Tuesday Morning Update

Tuesday, August 7th 2012, 6:26 am
By: Alan Crone

A few isolated storms are located across southern Kansas and extreme northern OK this morning and will move southward around 20 to 25 mph.  These storms are not expected to last too long, but a few may survive and move across a few locations of the northern third of the state this morning.  One or two of the storms may produce some gusty winds in the 40 to 50 mph range.  The chance for these scattered and widely isolated storms to move into your area will remain around 20%.  The temperatures today will still climb into the 100 to 105 range and the national Weather Service has issued another heat advisory for portions of East Central and Northern OK including the Tulsa metro.  

The mid-level ridge of high pressure that has been such a dominate feature over the state for the past month is slowly moving westward today and tomorrow.  This will allow a modest northwest flow pattern to brush the state today and this upper flow may "sharpen" a little as we move closer to the weekend.  The net impact will be to allow a few disturbances to move over the region producing a few scattered storms.  The chance tomorrow may increase tomorrow across part of Northern OK and we'll keep a 30% chance of storms in the forecast for the Wednesday time period.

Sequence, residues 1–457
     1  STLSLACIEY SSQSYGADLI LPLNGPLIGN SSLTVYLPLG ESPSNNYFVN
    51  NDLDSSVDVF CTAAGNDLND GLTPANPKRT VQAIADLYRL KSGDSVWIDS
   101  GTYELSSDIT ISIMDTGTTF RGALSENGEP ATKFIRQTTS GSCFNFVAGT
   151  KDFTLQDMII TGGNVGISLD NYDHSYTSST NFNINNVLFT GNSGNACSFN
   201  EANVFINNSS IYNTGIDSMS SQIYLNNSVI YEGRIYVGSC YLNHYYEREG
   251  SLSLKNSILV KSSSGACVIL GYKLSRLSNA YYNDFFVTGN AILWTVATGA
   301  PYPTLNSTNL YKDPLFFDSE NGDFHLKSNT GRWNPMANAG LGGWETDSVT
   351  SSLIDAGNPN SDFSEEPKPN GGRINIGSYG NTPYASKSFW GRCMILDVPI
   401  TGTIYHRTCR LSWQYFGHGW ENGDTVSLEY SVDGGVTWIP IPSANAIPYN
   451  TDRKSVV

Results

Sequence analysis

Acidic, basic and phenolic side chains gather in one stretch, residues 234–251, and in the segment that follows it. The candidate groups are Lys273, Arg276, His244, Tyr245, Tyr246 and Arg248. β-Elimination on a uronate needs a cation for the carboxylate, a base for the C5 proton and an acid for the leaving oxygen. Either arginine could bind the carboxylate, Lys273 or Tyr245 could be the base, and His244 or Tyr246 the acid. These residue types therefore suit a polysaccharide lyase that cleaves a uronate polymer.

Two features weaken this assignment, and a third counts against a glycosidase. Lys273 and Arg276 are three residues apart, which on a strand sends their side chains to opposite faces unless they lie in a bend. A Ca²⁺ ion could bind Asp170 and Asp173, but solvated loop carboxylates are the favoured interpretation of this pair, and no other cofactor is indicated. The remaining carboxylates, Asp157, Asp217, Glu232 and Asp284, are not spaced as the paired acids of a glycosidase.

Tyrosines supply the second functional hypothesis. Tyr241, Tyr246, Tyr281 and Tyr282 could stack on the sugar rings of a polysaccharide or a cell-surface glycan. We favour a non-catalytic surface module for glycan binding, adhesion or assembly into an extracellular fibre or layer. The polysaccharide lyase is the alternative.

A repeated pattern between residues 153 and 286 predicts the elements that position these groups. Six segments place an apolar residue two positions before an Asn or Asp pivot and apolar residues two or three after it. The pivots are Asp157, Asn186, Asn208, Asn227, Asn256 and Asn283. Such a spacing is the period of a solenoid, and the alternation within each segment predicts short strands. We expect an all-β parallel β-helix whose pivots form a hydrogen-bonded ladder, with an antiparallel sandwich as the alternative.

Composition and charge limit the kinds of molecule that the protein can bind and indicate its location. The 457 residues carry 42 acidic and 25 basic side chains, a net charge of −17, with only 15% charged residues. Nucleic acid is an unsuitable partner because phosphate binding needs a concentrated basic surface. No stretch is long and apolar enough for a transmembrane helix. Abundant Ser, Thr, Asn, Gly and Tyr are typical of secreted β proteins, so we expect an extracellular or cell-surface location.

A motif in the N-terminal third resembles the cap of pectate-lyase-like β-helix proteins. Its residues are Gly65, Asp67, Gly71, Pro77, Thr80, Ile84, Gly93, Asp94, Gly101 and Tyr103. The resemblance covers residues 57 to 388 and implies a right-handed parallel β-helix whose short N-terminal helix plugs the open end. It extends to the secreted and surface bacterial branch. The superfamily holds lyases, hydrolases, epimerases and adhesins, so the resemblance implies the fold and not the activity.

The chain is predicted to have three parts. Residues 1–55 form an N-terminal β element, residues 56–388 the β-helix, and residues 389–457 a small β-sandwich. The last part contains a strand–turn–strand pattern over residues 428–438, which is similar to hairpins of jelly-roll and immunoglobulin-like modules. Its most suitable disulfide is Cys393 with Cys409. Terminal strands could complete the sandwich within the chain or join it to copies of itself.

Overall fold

Thursday a "cold front" is expected to slide across the state allowing for northeast winds both Thursday and Friday.  The temperatures in the 5K ft. level are expected to "cool" into Saturday and this should allow the surface temperatures to drop into the 90s.  Another disturbance may be possible early next week with another chance of storms Sunday into Tuesday.  The exact temperature profile for the weekend into early next week is a little problematic.  I have used a blend of GFS and EURO, but there's not doubt in my mind that data will change a few more times before we can settle into a temperature forecast with high confidence.    

The fire danger, the heat advisory, and the ozone alert will remain high priorities across the northeastern part of the state.